The Bible, Herodotus, and Assyria


When Hezekiah was ruler of Judah, Sennacherib, king of Assyria, marched against Israel’s southern kingdom (see 2 Kings 18:13ff; Isaiah 36:1ff). According to his records, the monarch took forty-six Judean cities. In fact, he sent his army to Jerusalem where he boasted that he shut up Hezekiah “like a bird in a cage.” He did not, however, take the holy city. Why not? Because Jehovah intervened, in response to Hezekiah’s prayer, and destroyed 185,000 Assyrian soldiers in one night (2 Kings 19:35).

Herodotus has a garbled account of this disaster that crippled the Assyrian forces. He records that Sennacherib marched against Egypt. During a certain night, though, field mice supposedly invaded the Assyrian camp and gnawed the quivers, bow strings, and leather shield handles, thus disarming the military force. As a consequence, many of the soldiers were killed and others fled (ii.141).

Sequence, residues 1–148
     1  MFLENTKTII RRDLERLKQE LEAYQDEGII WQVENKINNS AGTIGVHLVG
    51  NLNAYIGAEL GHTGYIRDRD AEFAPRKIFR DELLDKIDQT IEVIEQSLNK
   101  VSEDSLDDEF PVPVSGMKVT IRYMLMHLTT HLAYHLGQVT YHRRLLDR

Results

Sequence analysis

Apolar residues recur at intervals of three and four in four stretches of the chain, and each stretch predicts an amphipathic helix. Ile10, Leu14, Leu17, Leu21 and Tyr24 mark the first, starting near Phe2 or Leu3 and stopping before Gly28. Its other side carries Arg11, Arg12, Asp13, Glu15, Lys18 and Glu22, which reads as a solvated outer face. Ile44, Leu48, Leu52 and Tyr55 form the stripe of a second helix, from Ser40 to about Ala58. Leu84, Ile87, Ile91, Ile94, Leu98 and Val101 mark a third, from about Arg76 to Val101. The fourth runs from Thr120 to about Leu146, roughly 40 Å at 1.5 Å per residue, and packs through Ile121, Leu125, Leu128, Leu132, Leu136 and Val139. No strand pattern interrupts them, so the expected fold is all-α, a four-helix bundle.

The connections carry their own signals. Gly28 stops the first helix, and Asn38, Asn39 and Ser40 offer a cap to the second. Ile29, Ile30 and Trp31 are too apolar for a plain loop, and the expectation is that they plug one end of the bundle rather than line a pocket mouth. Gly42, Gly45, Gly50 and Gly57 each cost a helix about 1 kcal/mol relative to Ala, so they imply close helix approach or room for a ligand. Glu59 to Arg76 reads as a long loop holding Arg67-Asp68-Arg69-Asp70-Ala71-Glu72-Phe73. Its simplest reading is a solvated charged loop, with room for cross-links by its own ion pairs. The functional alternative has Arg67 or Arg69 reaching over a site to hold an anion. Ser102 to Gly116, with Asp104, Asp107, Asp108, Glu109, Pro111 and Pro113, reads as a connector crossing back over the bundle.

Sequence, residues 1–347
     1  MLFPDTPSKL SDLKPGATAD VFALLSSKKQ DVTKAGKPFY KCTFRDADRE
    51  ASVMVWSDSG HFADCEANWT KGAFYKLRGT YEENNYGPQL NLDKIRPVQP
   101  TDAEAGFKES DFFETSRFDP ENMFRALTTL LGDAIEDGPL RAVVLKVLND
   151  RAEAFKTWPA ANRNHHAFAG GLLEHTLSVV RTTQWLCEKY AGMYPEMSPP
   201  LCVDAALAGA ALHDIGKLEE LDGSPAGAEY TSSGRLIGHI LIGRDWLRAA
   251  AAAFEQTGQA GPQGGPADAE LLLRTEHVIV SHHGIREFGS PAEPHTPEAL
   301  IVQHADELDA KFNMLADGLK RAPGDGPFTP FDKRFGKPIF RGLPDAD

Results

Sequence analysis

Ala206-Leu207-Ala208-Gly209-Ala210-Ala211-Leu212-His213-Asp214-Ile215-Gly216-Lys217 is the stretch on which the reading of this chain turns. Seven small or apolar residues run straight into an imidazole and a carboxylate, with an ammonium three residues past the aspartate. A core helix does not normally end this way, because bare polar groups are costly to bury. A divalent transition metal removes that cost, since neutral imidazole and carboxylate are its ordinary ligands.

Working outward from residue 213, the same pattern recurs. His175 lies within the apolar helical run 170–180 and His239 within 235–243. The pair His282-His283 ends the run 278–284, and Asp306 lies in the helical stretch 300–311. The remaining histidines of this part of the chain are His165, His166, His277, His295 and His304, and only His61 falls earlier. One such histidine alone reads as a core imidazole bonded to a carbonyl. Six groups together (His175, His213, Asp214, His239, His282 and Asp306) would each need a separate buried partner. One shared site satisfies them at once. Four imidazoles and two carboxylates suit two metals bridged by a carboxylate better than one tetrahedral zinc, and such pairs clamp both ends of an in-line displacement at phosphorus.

Dr. I. M. Price, who served as professor of Semitic languages and literature at the University of Chicago, noted that this account “has some basis, doubtless, in fact, and is an echo of some calamity to the Assyrian army” (1907, 191). Wood commented that the account provides “indirect confirmation of the biblical miracle” (1986, 306). Joseph P. Free observed: “There is no evidence in the archaeological records that Sennacherib ever returned to the region of Palestine” (1950, 209).



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